Think of the South of France and a sundog-framed reverie of bronzed gamines frolicking on golden beaches might come to mind. It seems a place powered by UV and populated by the sort of sweet summer children depicted in sunnier Vadim or Godard films. But I personally hold that it’s even lovelier in autumn’s dusk when Parisians have wrapped up their grands vacances, non-residents dissipate and life goes on much as it has for centuries.
In search of cheaper accommodation and to avoid school-holiday hordes, each year, come late autumn, my family would load up our car and head to the Dordogne. As we approached the department, the bent-headed sunflowers seemed to be exhaling sighs of relief, vineyards were aflame with turning leaves and the land itself appeared to be enjoying a well-earned break too. The kind of cyclical beauty that brings you into step with the countryside, denoting spent harvests and fresh vats of new wine. We would stay in garish Christmas-coloured Eurocamp tents and easily take up the Périgordine good life of bike rides to petite villages, afternoon dips in the lazy Dordogne River and indulging in sugary crêpes and towering sundaes.
These days, after years of longingly gazing out at the Loire Valley’s fairy-tale châteaux (notably Ussé, which directly inspired Sleeping Beauty) en route to Aquitaine, I would probably upgrade my hideaway to a grander residence, say the many-turreted Domaine des Etangs (above) or neoclassical Château les Merles, handily buffered by vineyards. But otherwise I wouldn’t change much else. Part of the appeal of visiting the south late in the season is the truly timeless feel of French village life, to the point where you’re living through a pleasant cliché. It feels like someone smashed the clock a century or so ago and scenes of elderly men playing boules in market squares and ladies in housecoats pausing from chores for a sneaky cigarette are part of the reassuring rhythm of life.
And the market remains the lively locus of it all, come rain or shine (and there’s still plenty of shine to be had at this time of year). Grabbing a basket and joining in the fray beneath the colourful awnings laid out along the winding medieval streets of perfectly preserved Domme, Sarlat-la-Canéda and on-high Rocamadour is an edifying ritual in all senses. This is where Périgordine dining tables are filled and the full spread of appellations and makers marked with authentication acronyms (AOC, IGP…) is temptingly laid out – especially at this time of year, when gold-dust truffles have been freshly snuffled, ceps and walnuts are ripe for the picking and even punnets of fat strawberries can still be enjoyed. Stalls are piled with gnarled bloomy-rinded Cabécous, pocked Trappe d’Echourgnac, Époisses oozing with noxious deliciousness; sticky nut cakes and liqueurs; gilt tins of foie gras; Bayonne ham haunches; and rural curiosities: knickers with armpit-height waistbands, pygmy goats, blackened tourteau fromagés cakes.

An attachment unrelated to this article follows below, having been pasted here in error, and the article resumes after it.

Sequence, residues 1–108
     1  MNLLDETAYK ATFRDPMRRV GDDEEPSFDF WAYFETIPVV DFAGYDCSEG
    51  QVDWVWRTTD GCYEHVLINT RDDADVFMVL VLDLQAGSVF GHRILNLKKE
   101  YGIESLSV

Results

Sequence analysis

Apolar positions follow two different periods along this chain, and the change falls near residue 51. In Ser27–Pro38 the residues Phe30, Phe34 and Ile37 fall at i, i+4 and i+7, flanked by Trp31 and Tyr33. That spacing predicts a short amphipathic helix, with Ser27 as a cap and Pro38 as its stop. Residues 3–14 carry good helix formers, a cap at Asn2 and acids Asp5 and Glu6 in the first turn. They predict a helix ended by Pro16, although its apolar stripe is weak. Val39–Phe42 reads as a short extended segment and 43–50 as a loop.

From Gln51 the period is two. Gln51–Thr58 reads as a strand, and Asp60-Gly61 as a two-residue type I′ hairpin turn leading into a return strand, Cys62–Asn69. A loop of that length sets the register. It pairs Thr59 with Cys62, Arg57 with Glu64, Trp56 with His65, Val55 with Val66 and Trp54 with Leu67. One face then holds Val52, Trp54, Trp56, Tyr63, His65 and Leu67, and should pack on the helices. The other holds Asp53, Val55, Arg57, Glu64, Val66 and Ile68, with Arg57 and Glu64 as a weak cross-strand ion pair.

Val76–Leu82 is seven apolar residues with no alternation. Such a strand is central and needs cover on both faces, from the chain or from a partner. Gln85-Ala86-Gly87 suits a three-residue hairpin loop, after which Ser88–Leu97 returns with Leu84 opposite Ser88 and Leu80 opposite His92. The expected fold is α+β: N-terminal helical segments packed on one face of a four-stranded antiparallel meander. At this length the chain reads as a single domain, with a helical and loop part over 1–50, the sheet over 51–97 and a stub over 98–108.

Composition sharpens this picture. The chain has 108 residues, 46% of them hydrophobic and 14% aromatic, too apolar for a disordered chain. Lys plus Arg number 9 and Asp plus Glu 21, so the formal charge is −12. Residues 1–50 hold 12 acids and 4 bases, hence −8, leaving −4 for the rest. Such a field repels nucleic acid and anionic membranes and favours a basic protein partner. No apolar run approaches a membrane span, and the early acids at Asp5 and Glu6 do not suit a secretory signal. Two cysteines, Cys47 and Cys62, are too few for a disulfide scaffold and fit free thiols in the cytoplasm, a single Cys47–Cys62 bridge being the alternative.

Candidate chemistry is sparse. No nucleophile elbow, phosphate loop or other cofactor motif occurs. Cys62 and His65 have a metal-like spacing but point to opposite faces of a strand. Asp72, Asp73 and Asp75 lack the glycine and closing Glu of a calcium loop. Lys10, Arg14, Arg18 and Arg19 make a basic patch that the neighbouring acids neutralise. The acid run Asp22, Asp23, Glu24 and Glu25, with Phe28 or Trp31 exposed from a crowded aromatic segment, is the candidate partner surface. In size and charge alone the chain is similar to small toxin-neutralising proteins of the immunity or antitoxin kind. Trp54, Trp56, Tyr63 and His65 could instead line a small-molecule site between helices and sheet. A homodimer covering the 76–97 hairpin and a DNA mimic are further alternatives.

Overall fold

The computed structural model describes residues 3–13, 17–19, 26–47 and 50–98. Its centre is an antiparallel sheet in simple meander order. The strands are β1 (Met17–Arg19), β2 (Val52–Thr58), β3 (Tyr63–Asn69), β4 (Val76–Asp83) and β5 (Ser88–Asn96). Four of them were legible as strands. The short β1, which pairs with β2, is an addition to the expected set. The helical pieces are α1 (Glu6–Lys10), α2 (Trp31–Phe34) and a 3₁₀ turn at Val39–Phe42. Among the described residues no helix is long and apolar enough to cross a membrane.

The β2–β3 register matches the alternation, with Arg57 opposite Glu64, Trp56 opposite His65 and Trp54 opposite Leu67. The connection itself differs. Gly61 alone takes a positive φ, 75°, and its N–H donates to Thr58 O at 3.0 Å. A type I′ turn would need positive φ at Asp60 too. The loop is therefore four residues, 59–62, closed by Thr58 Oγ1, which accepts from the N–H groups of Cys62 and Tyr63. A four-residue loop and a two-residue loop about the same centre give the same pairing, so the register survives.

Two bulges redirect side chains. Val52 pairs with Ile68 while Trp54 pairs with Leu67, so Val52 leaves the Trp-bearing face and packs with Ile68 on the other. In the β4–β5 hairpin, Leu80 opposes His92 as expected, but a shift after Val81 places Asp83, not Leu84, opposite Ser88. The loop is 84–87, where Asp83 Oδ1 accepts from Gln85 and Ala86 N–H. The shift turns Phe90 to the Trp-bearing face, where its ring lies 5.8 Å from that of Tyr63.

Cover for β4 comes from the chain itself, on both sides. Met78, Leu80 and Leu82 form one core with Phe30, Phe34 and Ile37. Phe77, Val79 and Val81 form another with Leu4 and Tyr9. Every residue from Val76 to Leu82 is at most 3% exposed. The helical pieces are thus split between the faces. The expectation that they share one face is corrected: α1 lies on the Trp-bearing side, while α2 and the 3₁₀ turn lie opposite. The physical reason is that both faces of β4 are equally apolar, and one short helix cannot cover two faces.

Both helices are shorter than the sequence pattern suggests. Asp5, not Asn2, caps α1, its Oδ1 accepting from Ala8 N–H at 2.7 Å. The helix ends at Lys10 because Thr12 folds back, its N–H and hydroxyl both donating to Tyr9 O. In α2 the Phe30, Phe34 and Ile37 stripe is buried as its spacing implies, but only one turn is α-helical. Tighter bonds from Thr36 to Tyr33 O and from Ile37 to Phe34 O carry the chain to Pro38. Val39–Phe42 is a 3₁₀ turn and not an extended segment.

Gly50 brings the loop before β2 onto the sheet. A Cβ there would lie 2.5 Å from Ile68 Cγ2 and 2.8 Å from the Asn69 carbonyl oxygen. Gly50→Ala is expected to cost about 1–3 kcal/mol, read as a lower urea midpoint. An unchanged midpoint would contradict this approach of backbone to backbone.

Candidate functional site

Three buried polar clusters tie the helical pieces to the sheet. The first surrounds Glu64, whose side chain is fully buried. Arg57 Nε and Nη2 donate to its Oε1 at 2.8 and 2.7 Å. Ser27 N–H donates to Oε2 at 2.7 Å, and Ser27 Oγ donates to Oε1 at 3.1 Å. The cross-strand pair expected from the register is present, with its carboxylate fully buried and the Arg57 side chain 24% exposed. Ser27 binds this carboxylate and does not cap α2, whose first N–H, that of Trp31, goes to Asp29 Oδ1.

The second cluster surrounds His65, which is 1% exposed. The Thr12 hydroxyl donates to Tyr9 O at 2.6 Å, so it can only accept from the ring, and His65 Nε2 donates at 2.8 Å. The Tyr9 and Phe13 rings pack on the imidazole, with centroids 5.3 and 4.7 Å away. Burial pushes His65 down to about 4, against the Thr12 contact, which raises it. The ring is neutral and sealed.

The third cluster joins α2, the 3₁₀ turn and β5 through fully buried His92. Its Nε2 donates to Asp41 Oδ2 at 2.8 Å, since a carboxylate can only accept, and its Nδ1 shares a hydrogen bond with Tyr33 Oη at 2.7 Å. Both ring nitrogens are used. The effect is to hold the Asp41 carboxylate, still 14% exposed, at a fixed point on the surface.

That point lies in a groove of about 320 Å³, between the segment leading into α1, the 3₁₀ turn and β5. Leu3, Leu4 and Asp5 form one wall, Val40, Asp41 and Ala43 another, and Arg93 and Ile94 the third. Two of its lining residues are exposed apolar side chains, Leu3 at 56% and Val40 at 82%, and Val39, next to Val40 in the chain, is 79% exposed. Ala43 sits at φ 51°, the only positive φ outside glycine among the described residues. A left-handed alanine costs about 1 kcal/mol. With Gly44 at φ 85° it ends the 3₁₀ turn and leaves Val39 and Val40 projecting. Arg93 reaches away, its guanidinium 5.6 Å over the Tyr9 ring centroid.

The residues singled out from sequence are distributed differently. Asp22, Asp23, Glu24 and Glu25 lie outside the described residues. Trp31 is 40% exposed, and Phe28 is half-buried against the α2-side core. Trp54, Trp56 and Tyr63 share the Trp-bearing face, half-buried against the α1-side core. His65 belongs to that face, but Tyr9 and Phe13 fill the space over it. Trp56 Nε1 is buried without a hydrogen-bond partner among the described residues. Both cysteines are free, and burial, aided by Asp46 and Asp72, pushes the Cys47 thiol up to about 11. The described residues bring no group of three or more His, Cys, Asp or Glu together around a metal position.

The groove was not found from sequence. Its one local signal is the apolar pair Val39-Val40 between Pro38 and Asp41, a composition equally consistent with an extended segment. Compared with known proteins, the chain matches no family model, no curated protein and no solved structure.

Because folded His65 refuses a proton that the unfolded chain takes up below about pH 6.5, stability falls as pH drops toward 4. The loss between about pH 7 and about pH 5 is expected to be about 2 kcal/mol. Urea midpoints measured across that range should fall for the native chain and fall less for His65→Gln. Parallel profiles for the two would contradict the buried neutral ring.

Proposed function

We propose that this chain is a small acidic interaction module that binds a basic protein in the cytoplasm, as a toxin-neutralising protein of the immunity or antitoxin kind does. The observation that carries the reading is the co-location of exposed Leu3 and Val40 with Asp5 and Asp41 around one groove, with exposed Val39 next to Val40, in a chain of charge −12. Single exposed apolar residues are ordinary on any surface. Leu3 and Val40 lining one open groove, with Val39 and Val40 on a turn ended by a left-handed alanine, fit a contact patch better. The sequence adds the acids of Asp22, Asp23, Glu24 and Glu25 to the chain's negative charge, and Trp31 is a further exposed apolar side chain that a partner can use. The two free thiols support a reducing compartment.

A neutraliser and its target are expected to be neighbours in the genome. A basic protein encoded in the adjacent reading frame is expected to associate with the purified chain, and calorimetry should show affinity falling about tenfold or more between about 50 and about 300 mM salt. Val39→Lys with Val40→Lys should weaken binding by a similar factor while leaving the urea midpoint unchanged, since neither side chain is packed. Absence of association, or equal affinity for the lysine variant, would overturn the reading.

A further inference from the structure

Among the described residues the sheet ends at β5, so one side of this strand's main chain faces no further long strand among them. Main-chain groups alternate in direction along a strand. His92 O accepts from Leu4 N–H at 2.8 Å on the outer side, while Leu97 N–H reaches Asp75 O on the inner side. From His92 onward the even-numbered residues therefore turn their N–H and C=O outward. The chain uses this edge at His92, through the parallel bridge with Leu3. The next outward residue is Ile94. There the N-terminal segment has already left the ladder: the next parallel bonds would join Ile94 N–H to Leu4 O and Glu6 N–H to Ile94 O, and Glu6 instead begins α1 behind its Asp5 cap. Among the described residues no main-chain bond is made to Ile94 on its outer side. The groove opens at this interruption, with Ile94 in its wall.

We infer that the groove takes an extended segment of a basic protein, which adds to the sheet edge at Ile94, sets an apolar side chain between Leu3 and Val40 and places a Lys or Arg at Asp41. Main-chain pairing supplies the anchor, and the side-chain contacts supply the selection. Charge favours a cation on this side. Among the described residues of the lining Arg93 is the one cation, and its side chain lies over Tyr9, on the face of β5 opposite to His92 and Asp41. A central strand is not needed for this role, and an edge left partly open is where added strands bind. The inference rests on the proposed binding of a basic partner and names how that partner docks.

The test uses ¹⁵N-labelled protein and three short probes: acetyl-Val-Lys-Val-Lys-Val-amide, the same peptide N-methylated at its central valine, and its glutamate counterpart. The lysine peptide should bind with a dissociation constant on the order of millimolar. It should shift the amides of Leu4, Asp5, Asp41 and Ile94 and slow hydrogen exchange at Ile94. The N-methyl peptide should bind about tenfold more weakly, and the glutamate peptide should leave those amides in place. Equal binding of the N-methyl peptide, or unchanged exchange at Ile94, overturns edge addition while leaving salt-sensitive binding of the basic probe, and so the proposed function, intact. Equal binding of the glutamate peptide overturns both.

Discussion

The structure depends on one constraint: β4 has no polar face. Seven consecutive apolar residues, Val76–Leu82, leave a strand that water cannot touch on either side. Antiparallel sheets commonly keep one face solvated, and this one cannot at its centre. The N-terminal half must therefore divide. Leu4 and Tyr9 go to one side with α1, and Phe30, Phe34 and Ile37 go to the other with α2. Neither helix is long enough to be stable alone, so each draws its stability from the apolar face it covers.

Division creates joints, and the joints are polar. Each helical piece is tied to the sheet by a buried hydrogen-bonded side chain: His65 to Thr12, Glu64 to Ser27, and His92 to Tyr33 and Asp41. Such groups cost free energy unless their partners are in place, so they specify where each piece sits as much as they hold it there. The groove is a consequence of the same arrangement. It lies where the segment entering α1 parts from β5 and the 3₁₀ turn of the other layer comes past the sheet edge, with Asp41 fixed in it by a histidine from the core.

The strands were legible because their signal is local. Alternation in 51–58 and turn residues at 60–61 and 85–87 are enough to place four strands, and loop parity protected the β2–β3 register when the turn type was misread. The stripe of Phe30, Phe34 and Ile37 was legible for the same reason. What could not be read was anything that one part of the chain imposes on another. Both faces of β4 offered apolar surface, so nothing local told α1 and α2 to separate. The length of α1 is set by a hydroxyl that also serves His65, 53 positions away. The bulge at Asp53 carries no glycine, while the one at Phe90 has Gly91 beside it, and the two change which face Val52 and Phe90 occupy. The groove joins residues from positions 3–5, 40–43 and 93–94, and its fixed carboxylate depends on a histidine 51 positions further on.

It’s a heady appetiser for seasonal dining (after all, the chefs will be shopping right alongside you) on the kind of dishes that make you nostalgic even if you weren’t raised on them. Say, warming cassoulets, gizzard-strewn salads, fat-steeped duck with Sarladaise potatoes and thick pescajoune pancakes with apples. Anything less than a two-hour lunch is a mere snack and meals drift late into wine-fuzzed darkness; and whether you’re sitting on a former rampart, slack-jawed at the verdure of the Dordogne Valley below, or in a cobbled square loomed over by a Gothic church, each setting is a heartbreaker.
There’s also plenty to do off-season: feed soporific monkeys at La Forêt des Singes, wander hand in hand through the artful parterre of Eyrignac and Marqueyssac gardens, sample St Emilion’s finest vineyards and catch Rocamadour’s hot-air-balloon festival. You may sacrifice a few sunny days visiting this late in the year, but France does storms with the same passion it gives to sex and pastry-crafting and there’s nothing quite like the tempestuous display of lightning forks duelling it out in the sky as you watch safely under a canopied terrace or in a soft warm bed as rain thunders soothingly on a château roof.
We understand the Covid situation in France restricts all but essential travel at the moment. Our aim for this mini-series is instead to provide inspiration for hopefully safer travel seasons